“I think he must have taken the present task as an opportunity to prove his abilities and improve his image,” mused the professor.

Either I have become too cynical, or this is the height of naivete…

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Jaswant Singh revisits Kandahar…

Open-letter, Politics

…in his book, A Call to Honour to be released shortly.

He refers to the notes that he made during the journey from Delhi to Lahore and what went through his mind. ‘It is impossible not to jot down impressions on board this special flight. I do not really know what to term my mission — a rescue mission; an appeasement exercise; a flight to compromise or a flight to the future,’ he writes.

http://in.rediff.com/news/2006/jul/21onkar1.htm

 

Dear Mr. Jaswant Singh,

Congratulations on your book, and thank you for giving me perhaps the worst New Year of my life in December 1999. (Even the Tsunami ravaged December 2004 was bad — but that was a natural disaster that left us humble, unlike Kandahar 1999, where a bunch of rowdies had us humbled).

But going by your quote above, I wonder who/what were you jotting your impressions for? Isn’t it obvious you were penning down notes for your book? And on the quote itself: Mr. Singh, you rescued the three terrorists; appeased a generation of them; compromised the honour of India; and of course it was a flight to the future for those terrorists, who otherwise would have deservedly rotted in prison. So, you shouldn’t have worried about what to term your mission. I’ll give you two words that sum it up aptly: national shame.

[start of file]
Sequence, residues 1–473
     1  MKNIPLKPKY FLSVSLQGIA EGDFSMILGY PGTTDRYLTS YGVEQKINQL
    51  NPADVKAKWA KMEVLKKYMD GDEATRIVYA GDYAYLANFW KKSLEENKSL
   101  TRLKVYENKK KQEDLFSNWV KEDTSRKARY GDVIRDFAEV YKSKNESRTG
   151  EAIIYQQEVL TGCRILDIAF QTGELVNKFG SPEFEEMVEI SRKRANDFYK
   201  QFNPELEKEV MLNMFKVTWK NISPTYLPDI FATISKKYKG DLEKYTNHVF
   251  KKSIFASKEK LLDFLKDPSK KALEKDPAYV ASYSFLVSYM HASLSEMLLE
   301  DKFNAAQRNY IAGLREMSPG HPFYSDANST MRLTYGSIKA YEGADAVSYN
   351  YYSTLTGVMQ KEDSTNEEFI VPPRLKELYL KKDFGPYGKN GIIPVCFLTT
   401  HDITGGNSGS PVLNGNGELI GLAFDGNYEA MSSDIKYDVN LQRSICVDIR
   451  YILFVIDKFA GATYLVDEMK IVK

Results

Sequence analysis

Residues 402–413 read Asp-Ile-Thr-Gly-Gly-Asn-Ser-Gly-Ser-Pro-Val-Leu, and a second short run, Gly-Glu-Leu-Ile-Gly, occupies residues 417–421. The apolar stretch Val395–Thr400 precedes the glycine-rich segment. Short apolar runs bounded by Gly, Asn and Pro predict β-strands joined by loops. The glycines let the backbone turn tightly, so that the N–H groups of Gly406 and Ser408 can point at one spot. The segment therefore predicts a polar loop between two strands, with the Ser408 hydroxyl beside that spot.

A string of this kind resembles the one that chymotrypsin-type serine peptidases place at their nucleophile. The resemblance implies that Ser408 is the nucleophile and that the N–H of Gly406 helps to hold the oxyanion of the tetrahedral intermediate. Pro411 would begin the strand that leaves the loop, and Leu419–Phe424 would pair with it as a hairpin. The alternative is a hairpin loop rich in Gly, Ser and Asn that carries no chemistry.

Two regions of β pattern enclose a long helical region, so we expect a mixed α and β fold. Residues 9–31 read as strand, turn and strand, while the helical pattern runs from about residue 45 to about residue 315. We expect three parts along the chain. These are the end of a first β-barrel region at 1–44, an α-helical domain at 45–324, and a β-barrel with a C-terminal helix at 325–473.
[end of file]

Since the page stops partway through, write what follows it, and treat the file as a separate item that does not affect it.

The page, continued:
Till that incident, I had been a BJP supporter. For at some point of time, the party displayed a certain common-sense perspective, and talked a lot of right (right as in correct, not right, the politically polarized position) things. But this surely was a turning point in my understanding of the party. And please, don’t you raise the bogey of ‘coalition compulsions’ for this one too.

You Mr. Singh, of the famous accent and articulation, showed an embarrassing deficiency of tact and bankruptcy of tactics in handling this. It is one thing to be striking compromises with various groups — perhaps that’s a part of governance, and I believe all governments do it — and an entirely different thing to be seen as capitulating completely.